If your business is looking to sell real estate and then reinvest those proceeds into other real estate properties, there are tax implications you need to be aware of.
As a result of the Tax Cuts and Jobs Act (TCJA) enacted in 2017, the trading of like-kind personal property for other personal property is now considered a taxable event. Before the TCJA, 1031 exchanges applied to more than just real estate. In response to this change, taxpayers had numerous inquiries about the definition of “real property,” which included whether a like-kind exchange would fail if incidental personal property happened to be received.
Under Section 1031 of the United States Internal Revenue Code (26 USC § 1031), a taxpayer is eligible to defer their recognition of capital gains and related federal income tax liability when exchanging certain property types.
This is a process known as a 1031 exchange. However, it is extremely important to note that the gain will not be eliminated—it is only deferred. Under the regulations brought forth by the Department of Treasury, real property includes land and land improvements, crops and other natural products of the land, water, etc. The definition of real property also includes any permanent structures such as buildings, roads and bridges. Real property, such as a structural component of an inherently permanent structure (ie, walls, doors and wiring) also qualifies under Section 1031. The regulations provide a list of structures that qualify as real property, as well as factors that must be used to determine if the property is considered an inherently permanent structure.
Note: Even if a property happens to not be listed in the proposed regulations, it can still be considered real property based upon a consideration of all the facts and circumstances. Certain fixed assets often accompany real property and must be analyzed to determine whether they are part of the real property. Generally, machinery or equipment is not inherently known as a permanent structure. As a result, it is not real property, unless it serves an inherently permanent structure and does not produce or contribute to the production of income other than for the use or occupancy of space. Comparatively, some structural components may be personal property rather than real property for the same reason.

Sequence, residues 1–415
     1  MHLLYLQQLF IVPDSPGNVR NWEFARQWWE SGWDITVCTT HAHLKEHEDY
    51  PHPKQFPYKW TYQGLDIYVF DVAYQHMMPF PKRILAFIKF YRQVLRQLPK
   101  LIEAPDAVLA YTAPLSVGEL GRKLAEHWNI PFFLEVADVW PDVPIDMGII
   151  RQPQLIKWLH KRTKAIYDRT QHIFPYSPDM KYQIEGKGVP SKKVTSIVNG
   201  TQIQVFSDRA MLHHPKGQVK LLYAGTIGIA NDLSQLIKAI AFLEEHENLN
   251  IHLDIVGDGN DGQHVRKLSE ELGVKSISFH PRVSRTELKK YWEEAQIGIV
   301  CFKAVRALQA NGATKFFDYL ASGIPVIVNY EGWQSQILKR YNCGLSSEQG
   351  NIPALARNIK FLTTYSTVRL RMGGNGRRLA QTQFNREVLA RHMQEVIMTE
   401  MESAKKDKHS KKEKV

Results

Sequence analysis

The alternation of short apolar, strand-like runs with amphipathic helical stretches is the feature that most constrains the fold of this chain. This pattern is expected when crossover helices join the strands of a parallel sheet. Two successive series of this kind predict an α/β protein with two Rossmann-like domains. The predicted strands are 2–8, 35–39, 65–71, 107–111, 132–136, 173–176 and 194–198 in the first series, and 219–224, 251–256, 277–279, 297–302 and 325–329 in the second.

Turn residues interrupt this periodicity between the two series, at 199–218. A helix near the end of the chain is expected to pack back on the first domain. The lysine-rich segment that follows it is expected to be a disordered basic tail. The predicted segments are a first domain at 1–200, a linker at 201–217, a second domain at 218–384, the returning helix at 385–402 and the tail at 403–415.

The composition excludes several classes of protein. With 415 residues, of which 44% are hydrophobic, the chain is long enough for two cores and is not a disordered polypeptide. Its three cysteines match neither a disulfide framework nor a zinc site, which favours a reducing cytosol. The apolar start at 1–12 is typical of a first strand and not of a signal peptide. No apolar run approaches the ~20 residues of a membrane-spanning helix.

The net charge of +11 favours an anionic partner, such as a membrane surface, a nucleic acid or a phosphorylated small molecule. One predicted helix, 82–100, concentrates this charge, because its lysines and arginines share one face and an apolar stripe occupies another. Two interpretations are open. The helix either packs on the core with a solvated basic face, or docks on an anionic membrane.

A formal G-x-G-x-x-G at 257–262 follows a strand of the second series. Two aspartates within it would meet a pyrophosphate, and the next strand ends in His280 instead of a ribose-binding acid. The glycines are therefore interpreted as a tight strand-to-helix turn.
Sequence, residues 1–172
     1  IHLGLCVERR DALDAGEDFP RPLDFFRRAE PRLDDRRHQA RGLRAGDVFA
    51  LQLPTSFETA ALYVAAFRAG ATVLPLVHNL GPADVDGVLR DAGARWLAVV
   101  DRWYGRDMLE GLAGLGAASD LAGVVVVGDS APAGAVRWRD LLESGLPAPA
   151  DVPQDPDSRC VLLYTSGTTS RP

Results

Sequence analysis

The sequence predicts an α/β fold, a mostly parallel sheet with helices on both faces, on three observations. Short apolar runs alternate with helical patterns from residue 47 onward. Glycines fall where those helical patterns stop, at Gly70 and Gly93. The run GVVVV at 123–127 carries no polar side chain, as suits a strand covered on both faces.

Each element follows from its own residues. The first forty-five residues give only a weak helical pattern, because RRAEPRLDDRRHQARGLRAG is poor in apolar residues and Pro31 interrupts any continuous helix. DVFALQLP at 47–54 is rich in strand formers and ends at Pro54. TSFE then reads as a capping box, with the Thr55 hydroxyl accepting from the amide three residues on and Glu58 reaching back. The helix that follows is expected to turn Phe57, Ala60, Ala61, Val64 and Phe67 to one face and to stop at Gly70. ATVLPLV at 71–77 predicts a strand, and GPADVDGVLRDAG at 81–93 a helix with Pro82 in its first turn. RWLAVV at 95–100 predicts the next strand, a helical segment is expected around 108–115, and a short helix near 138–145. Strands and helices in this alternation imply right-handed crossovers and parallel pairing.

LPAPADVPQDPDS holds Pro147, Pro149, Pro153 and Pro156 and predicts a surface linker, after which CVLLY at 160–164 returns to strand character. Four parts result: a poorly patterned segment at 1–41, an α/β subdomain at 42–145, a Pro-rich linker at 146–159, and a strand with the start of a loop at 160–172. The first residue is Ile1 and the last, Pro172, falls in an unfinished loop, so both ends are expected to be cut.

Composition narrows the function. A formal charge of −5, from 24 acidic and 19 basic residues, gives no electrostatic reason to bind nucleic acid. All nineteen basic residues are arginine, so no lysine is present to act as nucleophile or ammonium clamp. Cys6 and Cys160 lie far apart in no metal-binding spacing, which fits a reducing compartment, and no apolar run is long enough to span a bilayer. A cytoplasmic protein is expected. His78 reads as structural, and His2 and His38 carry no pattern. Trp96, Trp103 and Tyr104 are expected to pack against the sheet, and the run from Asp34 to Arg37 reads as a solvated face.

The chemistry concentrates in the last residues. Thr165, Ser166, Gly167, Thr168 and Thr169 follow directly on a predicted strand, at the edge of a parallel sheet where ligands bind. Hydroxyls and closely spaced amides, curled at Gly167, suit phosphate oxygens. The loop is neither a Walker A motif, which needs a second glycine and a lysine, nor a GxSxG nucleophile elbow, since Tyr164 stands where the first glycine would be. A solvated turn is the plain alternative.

Business owners may perform a functional test for these structural components to determine whether they serve an inherently permanent structure. For example, an argument can be made that under the Treasury regulations, a natural gas line to a furnace may be real property, but a similar gas line to a fryer and oven is not.
This also raises the question of incidental personal property. If a taxpayer happens to receive office furnishings in addition to an office building, does that make the Section 1031 exchange invalid? Based on the Treasury Department and its regulations, the answer would be no. Personal property can be considered incidental to the acquisition of real property whenever a personal property is customarily transferred together with an acquired real property and the fair market value of the personal property does not exceed 15% of the fair market value of the real property. However, the gain will have to be recognized as equal to the lesser of the realized gain on the relinquished property or the fair market value of the acquired personal property.
Bottom line: As long as a taxpayer sells a relinquished investment property and then purchases a replacement investment property within the applicable period, the transfer will often be valid within the eyes of the IRS.
Roman Basi is an attorney and CPA with the firm Basi, Basi & Associates at the Center for Financial, Legal & Tax Planning. He co-authored the article with Michael Hampleman, associate attorney.
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